“Full of sound and fury, signifying [a crazy night of theater]”. That’s the quick summary of Taffety Punk Theatre Company’s world premiere of Enter Ophelia, distracted, Kimberly Gilbert’s kaleidoscopic fusion of modern dance, fractured Shakespearean prose, and jagged soundscapes. It’s hard to describe the experience of stepping inside the mind of Hamlet’s Ophelia as she spirals into the neon depths of madness – I’m still processing everything, myself. Let’s just say you have to see it to believe it.
Each performance of Enter Ophelia begins with a guest performer, and during my visit the audience was treated to an enthusiastic choreo-play by the personable Stephen Clapp. Clapp whirled about the stage, blending animated dance moves with reflections on capitalism, global warming, and the eternal paradox of human nature. It was a surprisingly deep and affecting performance, full of guileless enthusiasm and a wisdom that belied Clapp’s youthful exterior.
After a brief intermission and set change, Enter Ophelia, distracted kicked off with a flourish, as Gilbert and fellow performers Eleni Grove, Katie Murphy, and Erin White appeared standing motionless and bathed in red light. According to Gilbert, each actress represents a different piece of Ophelia’s fragile psyche.
Soon after the lights came up, Gilbert’s co-conspirator and sound designer Marcus Kyd unleashed a jarring sonic backdrop, composed of warped and repurposed snippets of dialogue ripped from the text of Hamlet. When combined with the unsettling drone of composer Amy Domingues’ looping strings, it felt like I had walked into a scene from Stanley Kubrick’s “The Shining”. That’s high praise, given Kubrick’s talent for imprinting indelible images upon the mind of the viewer.
ENTER OPHELIA, DISTRACTED
Closes June 28, 2014
Capitol Hill Arts Workshop
545 7th Street, SE
1 hour, no intermission
Friday and Saturday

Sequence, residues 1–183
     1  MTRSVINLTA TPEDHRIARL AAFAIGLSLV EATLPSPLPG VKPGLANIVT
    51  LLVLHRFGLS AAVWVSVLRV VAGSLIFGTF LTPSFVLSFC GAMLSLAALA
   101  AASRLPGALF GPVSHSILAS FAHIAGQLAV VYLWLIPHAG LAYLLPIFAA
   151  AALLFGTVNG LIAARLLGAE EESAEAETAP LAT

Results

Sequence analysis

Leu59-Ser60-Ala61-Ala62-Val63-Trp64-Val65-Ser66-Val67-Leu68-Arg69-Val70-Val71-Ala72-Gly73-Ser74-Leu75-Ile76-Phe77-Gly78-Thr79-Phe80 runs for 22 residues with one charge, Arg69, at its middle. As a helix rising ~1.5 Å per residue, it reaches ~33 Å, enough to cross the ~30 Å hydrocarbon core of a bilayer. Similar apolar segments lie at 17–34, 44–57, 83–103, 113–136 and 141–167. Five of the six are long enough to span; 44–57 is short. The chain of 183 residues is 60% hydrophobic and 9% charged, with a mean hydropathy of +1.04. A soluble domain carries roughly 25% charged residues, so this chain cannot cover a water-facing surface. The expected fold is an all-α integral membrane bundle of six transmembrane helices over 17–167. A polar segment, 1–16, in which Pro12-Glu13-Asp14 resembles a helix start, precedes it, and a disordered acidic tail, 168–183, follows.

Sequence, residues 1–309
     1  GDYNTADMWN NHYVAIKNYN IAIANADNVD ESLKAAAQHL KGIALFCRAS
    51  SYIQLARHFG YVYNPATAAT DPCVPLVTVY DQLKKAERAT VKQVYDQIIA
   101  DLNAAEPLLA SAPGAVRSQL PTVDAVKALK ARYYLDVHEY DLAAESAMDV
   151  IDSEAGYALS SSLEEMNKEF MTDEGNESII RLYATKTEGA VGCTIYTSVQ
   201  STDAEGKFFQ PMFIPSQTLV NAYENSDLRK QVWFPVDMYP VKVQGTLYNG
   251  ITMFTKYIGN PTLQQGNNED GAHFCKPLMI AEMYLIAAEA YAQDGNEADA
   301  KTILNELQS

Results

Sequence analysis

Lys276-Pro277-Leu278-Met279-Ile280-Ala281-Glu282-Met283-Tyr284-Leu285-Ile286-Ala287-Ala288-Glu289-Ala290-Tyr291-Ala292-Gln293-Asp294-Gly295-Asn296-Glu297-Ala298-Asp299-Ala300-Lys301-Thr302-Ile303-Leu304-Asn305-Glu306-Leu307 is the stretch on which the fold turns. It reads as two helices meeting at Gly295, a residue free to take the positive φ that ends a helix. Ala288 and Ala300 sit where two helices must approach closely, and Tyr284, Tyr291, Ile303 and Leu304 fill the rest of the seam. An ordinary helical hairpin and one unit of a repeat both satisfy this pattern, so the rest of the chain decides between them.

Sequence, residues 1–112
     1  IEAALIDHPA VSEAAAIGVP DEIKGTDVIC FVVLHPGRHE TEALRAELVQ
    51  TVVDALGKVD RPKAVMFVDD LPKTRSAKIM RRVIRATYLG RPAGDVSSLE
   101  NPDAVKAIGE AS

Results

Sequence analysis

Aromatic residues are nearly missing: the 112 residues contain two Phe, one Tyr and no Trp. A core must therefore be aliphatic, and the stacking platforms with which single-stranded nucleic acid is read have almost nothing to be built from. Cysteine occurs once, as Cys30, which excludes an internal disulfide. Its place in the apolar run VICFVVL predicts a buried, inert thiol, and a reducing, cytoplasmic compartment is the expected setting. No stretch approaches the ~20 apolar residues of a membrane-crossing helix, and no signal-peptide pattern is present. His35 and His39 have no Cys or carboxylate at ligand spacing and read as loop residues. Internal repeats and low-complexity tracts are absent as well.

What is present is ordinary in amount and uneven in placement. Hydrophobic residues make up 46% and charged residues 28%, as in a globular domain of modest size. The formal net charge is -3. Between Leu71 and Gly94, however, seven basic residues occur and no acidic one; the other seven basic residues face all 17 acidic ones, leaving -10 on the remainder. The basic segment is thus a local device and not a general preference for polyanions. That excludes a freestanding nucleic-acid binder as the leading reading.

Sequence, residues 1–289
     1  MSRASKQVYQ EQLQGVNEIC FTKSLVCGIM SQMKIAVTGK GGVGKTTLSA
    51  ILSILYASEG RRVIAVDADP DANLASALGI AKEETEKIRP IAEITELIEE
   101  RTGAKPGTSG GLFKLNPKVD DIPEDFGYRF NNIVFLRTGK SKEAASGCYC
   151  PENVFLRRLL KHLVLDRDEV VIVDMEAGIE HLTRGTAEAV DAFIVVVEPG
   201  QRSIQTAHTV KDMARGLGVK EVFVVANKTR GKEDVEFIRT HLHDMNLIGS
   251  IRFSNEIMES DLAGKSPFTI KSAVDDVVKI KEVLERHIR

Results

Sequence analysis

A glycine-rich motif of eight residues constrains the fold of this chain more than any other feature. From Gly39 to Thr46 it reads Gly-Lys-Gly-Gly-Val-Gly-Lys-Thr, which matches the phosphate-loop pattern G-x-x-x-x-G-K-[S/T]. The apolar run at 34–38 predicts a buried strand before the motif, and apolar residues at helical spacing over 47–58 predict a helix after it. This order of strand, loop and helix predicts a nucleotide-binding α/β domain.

Finding Ophelia – we talk with Kimberly Gilbert
As the production hit its stride, Ophelia’s four personas slowly lost what little control they had, developing an unsettling array of nervous tics and Tourette’s-like outbursts. Kyd’s soundtrack offered a pitch-perfect companion to their collective meltdown, unnerving the women with erratic voiceovers from Hamlet and company. Hamlet’s famous condemnation “Get thee to a nunnery”, signaled the start of the final crazy act, where things really hit the fan. Swirling colors, eerie babbling, and mournful funeral odes propelled Ophelia inexorably toward her preordained fate (which, spoiler alert, involves a creaky willow tree over a brook).
The production got a bit hazy toward the end, with dialogue usually drowned out beneath the loud voiceovers and droning cello. And Gilbert and Kyd certainly don’t offer any handholding for audience members unfamiliar with Hamlet’s progression of events; if you’re lost, you just have to hold on for the ride.
Ultimately, the show is best enjoyed by sitting back and letting the madness wash over you, rather than trying to pick out individual details of conversations and psychodramas playing out in Ophelia’s shattered mind. Gilbert and company deserve praise for going big and twisting a well-worn Shakespearean text into such an original vision, even if it’s not always clear what that vision is. Just be sure to bring an open mind, and maybe a pocket copy of Hamlet, just in case.
Enter Ophelia, distracted . Created by Kimberly Gilbert . Directed by Kimberly Gilbert, Marcus Kyd, and Erin F. Mitchell . Choregraphy by Erin Mitchell . riginal music by Amy Domingues . Sound design by Marcus Kyd . Produced by Taffety Punk Theatre Company . Reviewed by Ben Demers.
Chris Klimek . City Paper
Celia Wren . Washington Post
Andrew White . BroadwayWorld
Michael Poandl . DCMetroTheaterArts
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